Now 50 years old, founded in 1972, and I have been passing the entrance (near a bend in the road so not really looking) now for 20 years. But the other day a friend told me the fun they had there with grandchildren. Then looking at the map realizing there were some more Vermont roads I had not been on – I need to visit, and “fill in the map.”

You should know me and backroads, and I may never traverse I-91 and I-89 to Quechee and Woodstock again. Below is my route with BLUE BELLE yesterday. And I have circled three stretches of roads I highly recommend, even if you are not in a little convertible. Heading north, NH 12A is a great stretch from Claremont to the Windsor-Cornish covered bridge. In Windsor I headed north on US 5 to Hartland where it joins with VT 12, but I crossed onto Quechee Road – new to me, and a definite repeat. Heading home, I came south on VT 12, which I had not been on before, to Hartland Four Corners where I turned right to go over the hill (not been this way before) to Brownsville. Getting ahead — my favorite spots on US 5 are from Acsutney down to Charlestown, then you have to jog under I-91 to head south again on my second favorite stretch. Great views, great farm land – pack a picnic and go. Here is the map (large to encourage you) of my route, and then I will tell you about my time at VINS NATURE CENTER.

If you sadly do not “back-road” but are heading west on US 4, start watching on the right for the center after Quechee Gorge. This image below I took as I was exiting (looking east), so it is the other side of what you are looking for.

Setting the stage for this great place to visit, here is their Mission Statement:

Motivating individuals and communities
to care for the environment through education,
research, and avian wildlife rehabilitation.

there are outdoor lectures throughout the day, and I arrived with plenty of time before Predators of the Sky at 11AM, and later I sat in on Raptors Up Close at 1 PM. The lecturers are incredibly informative, impart much information, so much I can easily sit in again. Here are some of the birds they talked about. The center serves as a rehabilitation hospital, but the birds used as “ambassadors” have been injured to the point that they cannot return to the wild. The same with the display birds in enclosures. Remember that with my “galleries” you can click for larger views.

A fascinating exhibit in an enclosed pavilion next to the open air theater traces the evolutionary path of birds. Well worth the trip alone. Below are some of the information panels (click to enlarge) that provide some good background of bird’s development over millions and millions of years.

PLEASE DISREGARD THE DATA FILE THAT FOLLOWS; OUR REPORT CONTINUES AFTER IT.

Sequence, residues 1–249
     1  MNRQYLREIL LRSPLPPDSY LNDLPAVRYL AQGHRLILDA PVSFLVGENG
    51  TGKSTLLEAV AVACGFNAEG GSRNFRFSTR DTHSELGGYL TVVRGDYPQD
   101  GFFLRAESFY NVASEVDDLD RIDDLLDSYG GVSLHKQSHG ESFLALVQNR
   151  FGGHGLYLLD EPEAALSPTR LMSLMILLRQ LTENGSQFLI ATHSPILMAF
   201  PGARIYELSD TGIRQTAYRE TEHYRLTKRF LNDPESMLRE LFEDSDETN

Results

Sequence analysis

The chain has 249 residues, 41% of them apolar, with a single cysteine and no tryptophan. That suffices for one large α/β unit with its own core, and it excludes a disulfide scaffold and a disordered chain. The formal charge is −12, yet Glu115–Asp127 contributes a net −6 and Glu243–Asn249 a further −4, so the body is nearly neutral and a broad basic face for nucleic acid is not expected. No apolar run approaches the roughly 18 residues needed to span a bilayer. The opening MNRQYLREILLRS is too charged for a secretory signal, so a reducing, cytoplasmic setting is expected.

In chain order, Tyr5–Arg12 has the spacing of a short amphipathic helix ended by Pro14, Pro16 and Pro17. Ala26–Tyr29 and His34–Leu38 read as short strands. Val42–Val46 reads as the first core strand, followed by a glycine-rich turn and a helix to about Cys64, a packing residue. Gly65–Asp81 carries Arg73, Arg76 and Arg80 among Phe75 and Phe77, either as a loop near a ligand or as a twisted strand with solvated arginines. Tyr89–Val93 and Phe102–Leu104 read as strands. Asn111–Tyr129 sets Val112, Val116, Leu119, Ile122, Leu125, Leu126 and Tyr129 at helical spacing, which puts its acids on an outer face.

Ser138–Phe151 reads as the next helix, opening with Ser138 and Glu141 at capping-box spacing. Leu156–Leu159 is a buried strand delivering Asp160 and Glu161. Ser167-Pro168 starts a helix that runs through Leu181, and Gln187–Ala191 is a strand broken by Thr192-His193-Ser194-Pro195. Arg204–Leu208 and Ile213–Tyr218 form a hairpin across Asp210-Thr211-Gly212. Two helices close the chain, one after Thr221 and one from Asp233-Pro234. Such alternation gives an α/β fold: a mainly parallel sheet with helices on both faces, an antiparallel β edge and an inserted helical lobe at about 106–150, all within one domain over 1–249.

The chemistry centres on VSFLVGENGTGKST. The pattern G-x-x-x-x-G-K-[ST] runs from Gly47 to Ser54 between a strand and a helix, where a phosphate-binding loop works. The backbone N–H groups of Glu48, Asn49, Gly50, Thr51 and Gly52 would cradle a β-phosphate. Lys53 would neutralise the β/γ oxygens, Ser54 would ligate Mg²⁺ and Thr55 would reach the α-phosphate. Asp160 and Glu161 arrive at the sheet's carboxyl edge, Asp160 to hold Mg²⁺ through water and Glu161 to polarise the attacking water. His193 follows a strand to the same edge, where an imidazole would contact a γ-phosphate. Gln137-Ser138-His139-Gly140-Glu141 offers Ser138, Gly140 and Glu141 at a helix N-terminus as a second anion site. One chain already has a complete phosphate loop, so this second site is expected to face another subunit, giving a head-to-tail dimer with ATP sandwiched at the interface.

Wrapping around the theater area are well done enclosures where you will meet and learn about many of the now permanent residents of the center. Here is one such resident.

If for no other reason, you need to visit to enter and explore the Forest Canopy Walk.

you may click the image below also for a larger reading version

This unique walk is so much fun and so informative with the panels along the path explaining how forests work for the environment that I decided to give you full size, and not gallery views. You need to – repeat, you need to take the walk and learn. Below is an interesting tidbit along the way.

If it were not for the kids (and maybe my bone joints and mobility) I would have climbed right in this web, high above the forest.

and, then there is the tower. as I recall my counting, 80 wooden steps before the platform (81 feet high according to the sign) where the spiral staircase began with 30 more steps Yes, look UP.

and look DOWN

and maybe NOT LOOK DOWN

yes, me at the top

thought I would share this map you are given. The “shows” are at the Hawk Fly, dinosaur-bird exhibit it in the Neale Pavilion, and many hiking paths on the 46 acres.

During my visit it was pleasing to see many young families, and groups of campers enjoying the shows, exhibits, and grounds. BUT — ATTENTION WALPOLE LIBRARY PATRONS — admission to VINS is $18 for adults with a dollar off for seniors or veterans (don’t think I would get credit for both) – BUT, CHECK OUT THE LIBRARY’S MEMBERSHIP and that entitles you to admission of $5 each for up to four people. Once I post this, I hope the line forms.

remember the Vermont road map, way above, with my route of favorite roads and new roads filling in the map? Leaving I headed west on Route 4, then south on Route 12. At Hartland Four Corners I turned right on Brownsville Road to go up over the hill and down the hill into the little village of Brownsville with Mt. Ascutney looming in the background.

It was a great almost seven hours out, particularly when I was able to sail back down my favorite sections of US 5 as noted above. May I encourage you to also explore VINS NATURE CENTER, and Lauren, when you take Abby I would love to join you to experience everything through the eyes of a child (younger than me).

Happy 4th of July everyone – luv, RAY

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1 Response to VINS NATURE CENTER – QUECHEE, VT – 29 JUNE 2022

  1. George Lush says:

    Ray, An interesting place. I remember taking an evolutionary biology course in college and learning birds evolved from reptiles. The reptiles’ scales evolved into feathers. I suppose the ability to fly away from predators and the ability to cover more distance in search of food gave these prehistoric creatures a distinct evolutionary advantage. There is an excellent nature preserve here in Las Vegas, The Springs Preserve. “Las Vegas” translates to “the meadows.” There were springs here that provided water for the indigenous peoples and later for steam locomotives, leading to the establishment of the city. Keep exploring and stay curious, George

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